This is my second winter season since my mother moved into an assisted living facility back in October of 2012. And with the wild and wacky weather we have been experiencing in our part of the world this year, it is a relief to know she is safe and cared for 24/7.
The last few years of her living independently weren’t my easiest years, especially during the winter months. Heavy snows, ice storms and severe cold posed seasonal challenges with maintaining her care. Would she lose power and not have any heat? Did she have enough food and medications to last until the roads were clear again? If there was a medical emergency during a storm, would we be able to get to her?
October used to be one of my favorite times of the year, when the leaves on the trees display their brilliance and the air turns brisk. I love how the seasons evolve in my part of the country, and appreciate each for its own charm. But once I became my mother’s primary caregiver, October took on a different meaning.
It meant it was time to start storing extra supplies for the winter, in case she could not get out, or I could not get to her. As her dementia escalated and the arthritis decreased her mobility, winter became a season of concern. Would she slip and fall when she went out to get the mail? Or would she forget her keys and lock herself out in the cold? Would the phone lines go down and she would have no means to call for help?
Once a season I embraced, I began to dread the approach of winter. Watching the snow fall was no longer an enjoyable experience, but rather became an unwelcome event. Seeing the ice glisten on the tree branches, turning my backyard into a crystal palace, was once a picture I cherished. As my responsibilities to my mother increased, that same peaceful picture triggered nagging and worrisome thoughts in my mind.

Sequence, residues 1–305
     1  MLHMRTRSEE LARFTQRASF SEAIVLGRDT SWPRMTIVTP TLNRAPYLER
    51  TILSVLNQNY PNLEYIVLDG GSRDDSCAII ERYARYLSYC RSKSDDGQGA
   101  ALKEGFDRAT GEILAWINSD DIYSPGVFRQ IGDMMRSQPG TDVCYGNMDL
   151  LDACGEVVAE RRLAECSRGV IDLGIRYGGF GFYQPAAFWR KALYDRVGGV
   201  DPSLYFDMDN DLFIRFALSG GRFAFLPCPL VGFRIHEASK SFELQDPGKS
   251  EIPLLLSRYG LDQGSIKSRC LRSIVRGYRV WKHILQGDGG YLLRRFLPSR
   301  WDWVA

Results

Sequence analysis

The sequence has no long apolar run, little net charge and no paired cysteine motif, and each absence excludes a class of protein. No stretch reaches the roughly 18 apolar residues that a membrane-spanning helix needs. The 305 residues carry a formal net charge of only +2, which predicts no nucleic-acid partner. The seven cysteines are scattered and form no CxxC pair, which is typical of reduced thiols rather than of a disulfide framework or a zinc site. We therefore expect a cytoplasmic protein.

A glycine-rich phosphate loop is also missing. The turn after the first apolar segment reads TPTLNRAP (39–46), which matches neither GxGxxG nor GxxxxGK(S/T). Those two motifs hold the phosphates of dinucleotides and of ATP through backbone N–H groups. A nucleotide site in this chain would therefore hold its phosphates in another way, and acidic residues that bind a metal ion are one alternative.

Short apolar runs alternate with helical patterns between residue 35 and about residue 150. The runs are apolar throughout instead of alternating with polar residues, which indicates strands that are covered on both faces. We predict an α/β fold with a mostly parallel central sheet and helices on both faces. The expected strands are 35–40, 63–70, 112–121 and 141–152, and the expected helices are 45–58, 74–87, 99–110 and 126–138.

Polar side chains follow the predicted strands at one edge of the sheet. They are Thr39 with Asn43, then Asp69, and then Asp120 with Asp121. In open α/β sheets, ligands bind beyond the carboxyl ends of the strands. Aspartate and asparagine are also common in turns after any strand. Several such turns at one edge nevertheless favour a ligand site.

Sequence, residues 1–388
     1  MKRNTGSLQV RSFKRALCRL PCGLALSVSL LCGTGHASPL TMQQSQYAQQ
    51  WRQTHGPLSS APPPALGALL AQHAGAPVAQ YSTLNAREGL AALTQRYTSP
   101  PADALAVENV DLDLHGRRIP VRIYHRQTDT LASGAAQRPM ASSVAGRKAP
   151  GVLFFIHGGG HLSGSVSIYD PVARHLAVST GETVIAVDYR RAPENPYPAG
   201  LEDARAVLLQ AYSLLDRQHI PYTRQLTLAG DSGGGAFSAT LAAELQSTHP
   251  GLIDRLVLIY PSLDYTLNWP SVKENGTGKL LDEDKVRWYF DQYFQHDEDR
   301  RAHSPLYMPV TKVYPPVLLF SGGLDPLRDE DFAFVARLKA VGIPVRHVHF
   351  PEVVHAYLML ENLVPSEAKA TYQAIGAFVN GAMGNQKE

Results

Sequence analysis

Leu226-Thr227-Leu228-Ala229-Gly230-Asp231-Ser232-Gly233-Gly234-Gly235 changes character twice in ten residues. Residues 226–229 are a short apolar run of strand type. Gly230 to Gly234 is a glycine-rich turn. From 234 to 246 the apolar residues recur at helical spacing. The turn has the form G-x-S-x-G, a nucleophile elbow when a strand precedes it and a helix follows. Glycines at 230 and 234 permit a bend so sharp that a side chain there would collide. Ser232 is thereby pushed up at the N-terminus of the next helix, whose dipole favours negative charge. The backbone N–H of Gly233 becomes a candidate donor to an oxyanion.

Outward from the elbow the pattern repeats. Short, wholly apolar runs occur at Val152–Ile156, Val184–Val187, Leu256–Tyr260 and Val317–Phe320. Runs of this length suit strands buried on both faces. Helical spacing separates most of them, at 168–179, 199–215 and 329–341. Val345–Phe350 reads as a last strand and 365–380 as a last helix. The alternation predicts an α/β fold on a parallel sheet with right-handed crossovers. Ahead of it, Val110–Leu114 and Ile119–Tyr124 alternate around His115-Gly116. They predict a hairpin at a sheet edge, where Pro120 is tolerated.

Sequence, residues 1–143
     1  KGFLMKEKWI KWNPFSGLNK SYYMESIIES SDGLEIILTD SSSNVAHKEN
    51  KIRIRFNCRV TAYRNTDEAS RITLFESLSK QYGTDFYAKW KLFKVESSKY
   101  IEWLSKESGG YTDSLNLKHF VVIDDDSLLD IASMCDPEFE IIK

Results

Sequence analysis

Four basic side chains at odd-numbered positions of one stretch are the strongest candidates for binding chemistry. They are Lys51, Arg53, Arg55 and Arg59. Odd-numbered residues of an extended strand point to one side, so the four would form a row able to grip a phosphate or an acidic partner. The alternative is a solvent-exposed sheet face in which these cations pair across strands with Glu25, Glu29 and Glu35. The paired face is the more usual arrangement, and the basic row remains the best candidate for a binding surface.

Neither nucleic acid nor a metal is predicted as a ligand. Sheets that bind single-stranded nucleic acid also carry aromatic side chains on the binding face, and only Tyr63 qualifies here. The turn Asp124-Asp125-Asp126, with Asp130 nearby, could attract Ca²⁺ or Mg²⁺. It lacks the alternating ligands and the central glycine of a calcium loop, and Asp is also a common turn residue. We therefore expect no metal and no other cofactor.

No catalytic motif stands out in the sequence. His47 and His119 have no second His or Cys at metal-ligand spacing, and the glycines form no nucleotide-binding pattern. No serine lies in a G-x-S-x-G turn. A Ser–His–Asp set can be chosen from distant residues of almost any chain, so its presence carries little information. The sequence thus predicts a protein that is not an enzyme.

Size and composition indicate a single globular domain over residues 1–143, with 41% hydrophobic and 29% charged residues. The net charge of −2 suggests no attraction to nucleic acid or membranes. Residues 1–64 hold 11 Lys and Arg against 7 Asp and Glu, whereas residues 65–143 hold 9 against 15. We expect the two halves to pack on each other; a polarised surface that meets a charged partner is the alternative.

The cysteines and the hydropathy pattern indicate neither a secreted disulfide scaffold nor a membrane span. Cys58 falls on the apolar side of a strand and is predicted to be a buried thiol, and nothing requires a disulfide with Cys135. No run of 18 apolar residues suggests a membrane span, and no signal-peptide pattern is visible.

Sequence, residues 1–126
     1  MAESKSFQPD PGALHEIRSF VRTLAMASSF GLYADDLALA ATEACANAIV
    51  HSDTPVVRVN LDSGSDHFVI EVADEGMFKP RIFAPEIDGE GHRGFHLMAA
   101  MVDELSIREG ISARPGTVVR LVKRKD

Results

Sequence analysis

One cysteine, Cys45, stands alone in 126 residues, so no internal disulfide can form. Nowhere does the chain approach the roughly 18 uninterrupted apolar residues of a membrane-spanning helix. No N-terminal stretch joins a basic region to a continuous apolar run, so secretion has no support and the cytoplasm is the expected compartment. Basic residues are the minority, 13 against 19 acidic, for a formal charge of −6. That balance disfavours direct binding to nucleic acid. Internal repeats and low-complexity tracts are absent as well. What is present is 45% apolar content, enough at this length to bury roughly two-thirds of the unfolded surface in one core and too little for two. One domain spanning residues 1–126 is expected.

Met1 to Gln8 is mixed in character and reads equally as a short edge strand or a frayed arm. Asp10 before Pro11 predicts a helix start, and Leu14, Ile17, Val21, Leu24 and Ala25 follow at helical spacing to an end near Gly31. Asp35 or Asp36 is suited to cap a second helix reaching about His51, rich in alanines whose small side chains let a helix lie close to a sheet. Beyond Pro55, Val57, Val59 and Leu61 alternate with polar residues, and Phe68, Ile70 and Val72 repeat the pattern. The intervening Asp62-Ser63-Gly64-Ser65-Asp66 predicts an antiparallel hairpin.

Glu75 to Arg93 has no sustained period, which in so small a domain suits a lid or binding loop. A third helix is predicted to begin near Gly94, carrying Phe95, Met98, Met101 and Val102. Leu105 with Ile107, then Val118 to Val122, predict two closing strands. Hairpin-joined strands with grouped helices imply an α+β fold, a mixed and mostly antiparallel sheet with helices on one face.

And even though I no longer have the same concerns now that my mother is in assisted living, those worrisome thoughts still linger. Like a bruise not yet quite healed. As time passes, I know they will become more like whispered memories, and the day will come when they do not carry as much weight.
Right now I take comfort in the knowledge my mother’s daily needs are being met, no matter the season. And I realize that sometime in the near future I will be able turn the calendar page over to October, and will once again be able to look forward to the approach of a favorite season.
Until that day comes, I will embrace the timeless sight and peaceful silence of a snowfall. And will keep an eye out for the crocuses to bloom, signaling the approach of Spring.